The Pattern and Decoration movement (P&D) of the late 1970s and early 1980s uncannily resembles America's brief love affair with World Music - both were funky, hip and commercially successful for a couple of years. A cacophony of visual splendour, P&D encompasses a moment in the art world when a loosely knit, self-organized group of American painters on both coasts reintroduced abstract ornamentation to their canvases.
Kim MacConnel - along with artists such as Tina Girouard, Valerie Jaudon, Jane Kaufman, Joyce Kozloff, Robert Kushner, Miriam Schapiro and Robert Zakanitch - allowed a wide range of influences, from ethnographic textiles to hooked rug kits, linoleum kitchen tiles to ancient Islamic enamelling, stencilled wallpaper to Indian saris, colonial quilts, Persian kilims, Henri Matisse and American craft traditions to permeate their work. This interest in the decorative coincided with a spirited revival of hand labour, seen in both the art world and the broader American public.
P&D captured the gaudy surge that attained widespread popularity in homes. Around 1978 American living-rooms were suddenly crowded with macramé planters, hairy rugs and batik wall hangings, eclectic and earthy décor that matched the rust-coloured coffee mugs that your mother made in her pottery class. For MacConnel and his peers a genuine interest in traditional craft emerged, albeit with a distinctly non-Western twist.
One of the two biggest commercial successes of the movement (Kushner was the other), MacConnel's whimsical appropriations join wildly patterned strips and scraps to form larger canvases of hanging fabric that don't quite match up at the bottom. Stitching and gluing disparate painted and found fabrics, his signature works almost always lack frames, supplanting traditional stretched canvas with breezy cotton sheeting.
Arriving at the beginning of the end of the feminist movement and hard on the heels of New York and German Neo-Expressionism (which it arguably influenced), P&D unleashed the possibilities for the co-existence of fine art and craft, high and low art, on the same canvas. Like painting, pattern depends on the articulation of surface, depth and light in order to transcend its two-dimensionality. MacConnel's work particularly seems an important predecessor to David Salle's canvases, which joined disparate low-brow source material such as cartoons to high art ideas like the grid. A series of group exhibitions beginning in 1976, a trio of critics (Amy Goldin, Jeff Perrone and John Perrault) and a voracious dealer (Holly Solomon) advanced the cause of P&D internationally. Within this exhibition there is even a small room paying homage to Goldin, who died in 1978. She had been an influential teacher of MacConnel and Kushner at University of California, San Diego, in the late 1960s, when she began exploring the historical tendencies and reasons for abstract decoration. Pattern and decoration has a long legacy of anonymity, imitation and oppression, created by nameless weavers, artisans, copyists and slaves, where repetition subsumed the individual mark, and unity curbed the intimacy of personal expression - think tapestries, vaulted and tiled domes or glittering Byzantine churches. MacConnel's later work responds to this still present phenomenon, and has led him to incorporate photographs of silk embroiderers in Chinese factories and stone quarry labourers in Africa, but his entire body of work can be viewed as a response to original, often ancient, sources utilizing contemporary notions of materiality.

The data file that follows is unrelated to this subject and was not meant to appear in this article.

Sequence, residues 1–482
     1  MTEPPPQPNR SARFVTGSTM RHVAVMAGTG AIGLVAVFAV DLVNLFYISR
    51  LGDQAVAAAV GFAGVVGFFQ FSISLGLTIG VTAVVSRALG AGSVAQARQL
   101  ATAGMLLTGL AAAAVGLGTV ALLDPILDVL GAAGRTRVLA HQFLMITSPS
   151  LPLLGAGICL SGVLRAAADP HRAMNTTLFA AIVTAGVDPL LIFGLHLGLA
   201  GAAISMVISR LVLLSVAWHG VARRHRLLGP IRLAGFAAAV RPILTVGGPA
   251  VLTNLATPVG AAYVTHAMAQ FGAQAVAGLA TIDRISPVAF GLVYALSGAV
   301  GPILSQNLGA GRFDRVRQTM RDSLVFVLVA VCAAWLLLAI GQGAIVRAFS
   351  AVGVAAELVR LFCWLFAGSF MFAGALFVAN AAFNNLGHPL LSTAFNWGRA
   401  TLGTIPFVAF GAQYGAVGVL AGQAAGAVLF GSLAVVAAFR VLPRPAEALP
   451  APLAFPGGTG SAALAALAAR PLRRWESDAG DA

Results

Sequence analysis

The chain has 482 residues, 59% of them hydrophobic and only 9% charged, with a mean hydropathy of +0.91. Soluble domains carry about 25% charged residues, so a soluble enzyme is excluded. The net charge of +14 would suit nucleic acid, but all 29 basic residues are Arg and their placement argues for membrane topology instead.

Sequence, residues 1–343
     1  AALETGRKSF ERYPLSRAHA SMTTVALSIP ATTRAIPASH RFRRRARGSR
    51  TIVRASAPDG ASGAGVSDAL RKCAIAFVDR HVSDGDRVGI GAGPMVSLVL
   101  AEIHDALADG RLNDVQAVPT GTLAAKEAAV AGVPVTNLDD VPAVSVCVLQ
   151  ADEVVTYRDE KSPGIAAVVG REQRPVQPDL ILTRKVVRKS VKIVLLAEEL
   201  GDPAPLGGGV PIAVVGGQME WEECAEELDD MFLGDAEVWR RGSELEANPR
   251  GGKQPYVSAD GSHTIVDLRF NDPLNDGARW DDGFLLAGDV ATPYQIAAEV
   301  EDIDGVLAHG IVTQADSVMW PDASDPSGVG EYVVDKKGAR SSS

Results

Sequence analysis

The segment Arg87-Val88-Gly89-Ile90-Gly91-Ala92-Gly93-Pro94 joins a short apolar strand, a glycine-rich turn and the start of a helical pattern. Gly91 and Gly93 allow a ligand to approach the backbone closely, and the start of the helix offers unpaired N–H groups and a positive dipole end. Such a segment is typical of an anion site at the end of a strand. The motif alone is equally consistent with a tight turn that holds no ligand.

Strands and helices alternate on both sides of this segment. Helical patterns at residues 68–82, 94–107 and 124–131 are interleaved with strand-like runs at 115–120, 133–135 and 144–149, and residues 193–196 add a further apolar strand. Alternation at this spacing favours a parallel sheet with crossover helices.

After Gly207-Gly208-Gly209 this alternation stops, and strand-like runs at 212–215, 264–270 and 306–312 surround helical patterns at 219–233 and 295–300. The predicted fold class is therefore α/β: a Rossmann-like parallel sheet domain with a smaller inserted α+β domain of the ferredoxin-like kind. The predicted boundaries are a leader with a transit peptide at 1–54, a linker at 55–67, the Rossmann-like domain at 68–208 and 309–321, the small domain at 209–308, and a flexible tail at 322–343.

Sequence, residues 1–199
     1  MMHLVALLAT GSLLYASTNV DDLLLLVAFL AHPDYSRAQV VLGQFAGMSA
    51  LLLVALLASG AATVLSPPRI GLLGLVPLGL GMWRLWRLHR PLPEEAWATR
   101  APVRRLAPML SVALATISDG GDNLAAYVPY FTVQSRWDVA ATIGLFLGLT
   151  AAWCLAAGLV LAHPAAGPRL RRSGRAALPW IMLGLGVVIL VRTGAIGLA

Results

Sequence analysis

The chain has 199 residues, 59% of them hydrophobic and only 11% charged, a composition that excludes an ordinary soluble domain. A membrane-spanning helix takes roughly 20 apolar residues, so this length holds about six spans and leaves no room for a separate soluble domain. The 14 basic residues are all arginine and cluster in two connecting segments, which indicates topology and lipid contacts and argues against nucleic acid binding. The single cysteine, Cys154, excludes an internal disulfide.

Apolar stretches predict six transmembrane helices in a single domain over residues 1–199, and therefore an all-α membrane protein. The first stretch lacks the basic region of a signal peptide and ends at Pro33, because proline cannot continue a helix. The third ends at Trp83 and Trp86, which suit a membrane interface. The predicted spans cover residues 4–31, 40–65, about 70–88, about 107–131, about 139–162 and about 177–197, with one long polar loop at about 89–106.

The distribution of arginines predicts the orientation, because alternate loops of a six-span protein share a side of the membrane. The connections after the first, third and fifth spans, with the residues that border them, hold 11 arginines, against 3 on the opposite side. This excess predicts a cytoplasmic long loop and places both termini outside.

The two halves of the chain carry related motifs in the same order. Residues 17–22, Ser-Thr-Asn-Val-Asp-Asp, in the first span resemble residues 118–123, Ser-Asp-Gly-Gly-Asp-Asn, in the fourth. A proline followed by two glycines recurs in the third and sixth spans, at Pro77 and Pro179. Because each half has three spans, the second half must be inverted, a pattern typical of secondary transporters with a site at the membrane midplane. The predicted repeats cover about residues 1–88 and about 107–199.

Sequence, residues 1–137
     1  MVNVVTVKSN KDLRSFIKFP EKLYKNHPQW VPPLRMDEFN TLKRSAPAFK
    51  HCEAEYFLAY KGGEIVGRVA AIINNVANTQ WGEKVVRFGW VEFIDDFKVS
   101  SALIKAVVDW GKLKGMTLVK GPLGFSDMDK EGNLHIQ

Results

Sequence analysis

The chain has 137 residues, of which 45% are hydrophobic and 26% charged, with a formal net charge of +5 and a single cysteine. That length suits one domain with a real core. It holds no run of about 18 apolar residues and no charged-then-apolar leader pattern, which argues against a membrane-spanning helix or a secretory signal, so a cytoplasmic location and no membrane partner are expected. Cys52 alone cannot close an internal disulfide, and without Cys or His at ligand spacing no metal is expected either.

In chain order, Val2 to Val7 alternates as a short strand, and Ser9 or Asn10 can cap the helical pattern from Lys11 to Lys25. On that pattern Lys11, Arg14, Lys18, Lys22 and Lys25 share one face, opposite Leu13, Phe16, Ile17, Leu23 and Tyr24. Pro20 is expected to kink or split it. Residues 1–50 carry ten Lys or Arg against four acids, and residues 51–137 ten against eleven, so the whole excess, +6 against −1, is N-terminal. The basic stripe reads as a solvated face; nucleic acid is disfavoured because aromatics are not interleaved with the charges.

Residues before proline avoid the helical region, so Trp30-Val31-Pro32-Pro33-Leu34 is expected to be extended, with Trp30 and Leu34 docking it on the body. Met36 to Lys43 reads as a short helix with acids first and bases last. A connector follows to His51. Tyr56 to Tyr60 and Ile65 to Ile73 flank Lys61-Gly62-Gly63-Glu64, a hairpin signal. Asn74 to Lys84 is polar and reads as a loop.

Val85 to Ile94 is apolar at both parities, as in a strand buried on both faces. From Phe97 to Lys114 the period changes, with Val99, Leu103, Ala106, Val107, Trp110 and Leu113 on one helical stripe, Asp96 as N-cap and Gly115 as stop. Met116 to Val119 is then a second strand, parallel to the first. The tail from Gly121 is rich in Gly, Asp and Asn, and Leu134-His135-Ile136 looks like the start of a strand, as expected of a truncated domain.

Twenty years after the fact, it is interesting to see if P&D has held up. To see MacConnel's oeuvre, his use of unorthodox materials, his jarring juxtapositions of colour and zany fabrics, is to witness an early integrity, humour and commitment to materials. MacConnel's early explorations are seen again and again in a generation of younger artists, such as Polly Afpelbaum, Jim Isermann and Laura Owens - whose work ought to be read against the context of P & D - but his contributions still go unacknowledged.